Ideas for Older Learners

There is no single right way to set up Active Learning activities for older learners.  Their individual preferences and developmental level should be taken into consideration, as well as the family’s priorities.  As an individual enters his or her teen years, families typically begin to think about what’s next.  Where will their child live?  How will he or she spend the day?  We hope you’ll explore some of the ideas for transition services when thinking about this stage of life.

Building a life takes some thought as most adults know.  We have a need to be engaged in meaningful activities, interact with others (especially those we love), and to have time for rest and relaxation.  Once an individual leaves school it usually falls upon the family to help that individual build a life that is rich and satisfying. Active Learning can (and we think should) continue long after school is finished.  If you want to get some new ideas listen to this interview with Joe Gibson who runs an outdoor activity program in Norway. 

Using Materials Found Around the House

It’s good to remind yourself that Active Learning is an APPROACH and not a specific piece of equipment.  You already have plenty of household items that can be interesting for your child to explore.  Present items that have interesting properties (i.e. not all plastic) and invite your child to explore the items, with their different weights, textures, and sizes. 

Parent Sarah Lundgren shared the photos below of items in her house that she set up for her teenage son to explore.  In the image below on the left, metal items are presented on a tray, including C-clamps, a metal basket of jar lids, metal chains, metal padlock.  In the middle photo paper towel rolls are in a bucket and small items are presented in muffin tins.  In the image on the right, Dean sits in the garden exploring a hose.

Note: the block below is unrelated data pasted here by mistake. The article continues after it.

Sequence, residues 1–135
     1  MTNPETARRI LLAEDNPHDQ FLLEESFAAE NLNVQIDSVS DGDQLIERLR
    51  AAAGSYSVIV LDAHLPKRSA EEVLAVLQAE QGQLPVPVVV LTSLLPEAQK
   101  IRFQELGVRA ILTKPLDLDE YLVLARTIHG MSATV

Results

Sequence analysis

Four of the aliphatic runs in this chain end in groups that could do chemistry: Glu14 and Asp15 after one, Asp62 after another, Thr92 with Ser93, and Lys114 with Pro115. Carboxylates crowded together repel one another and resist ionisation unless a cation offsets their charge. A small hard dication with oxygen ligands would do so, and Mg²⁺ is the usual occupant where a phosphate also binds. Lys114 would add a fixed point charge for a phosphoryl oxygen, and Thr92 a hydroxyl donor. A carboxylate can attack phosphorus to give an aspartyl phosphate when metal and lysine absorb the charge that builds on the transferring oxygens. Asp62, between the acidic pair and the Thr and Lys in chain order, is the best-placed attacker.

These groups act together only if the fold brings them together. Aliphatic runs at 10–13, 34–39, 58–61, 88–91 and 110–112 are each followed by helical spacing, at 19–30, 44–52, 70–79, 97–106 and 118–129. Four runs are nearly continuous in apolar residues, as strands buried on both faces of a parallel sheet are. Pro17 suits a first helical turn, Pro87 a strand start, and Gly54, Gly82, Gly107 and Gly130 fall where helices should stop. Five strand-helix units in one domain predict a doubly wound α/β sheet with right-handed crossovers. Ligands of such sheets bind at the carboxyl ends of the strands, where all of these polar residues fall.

APH Tray with padlock, bicycle chain, c-clamps, gears, bottle caps, and other items.
APH Tray with padlock, bicycle chain, c-clamps, gears, bottle caps, and other items.
A metal bowl with cardboard tubes inside and a muffin tine with various small objects in each cup.
A metal bowl with cardboard tubes inside and a muffin tine with various small objects in each cup.
Dean sits in a community garden and explores the water hose.
Dean sits in a community garden and explores the water hose.

Allowing Time for Independent Exploration

The videos below show an older learner who is ambulatory.  He enjoys opening and closing different types of doors, and also loves to swim.  In a number of the videos, you will see him exploring different types of doors:  metal and wooden gates, a refrigerator door and a car door.  He is learning an enormous amount through his exploration.  Concepts such as open and close, in front/in back of, up/down, heavy/light are some of the comparisons he is able to make through his experimentation.  These are foundational cognitive concepts, which form the basis for spatial awareness (a critical component of orientation and mobility), mathematics, and science.  In addition, he is developing communication skills, saying “open” and “close” and by requesting certain items in the refrigerator.  These skills also promote independence and the development of functional skills in the natural context.

Functional Activities

A young man uses a salad spinner to help prepare a meal.
A young man uses a salad spinner to help prepare a meal.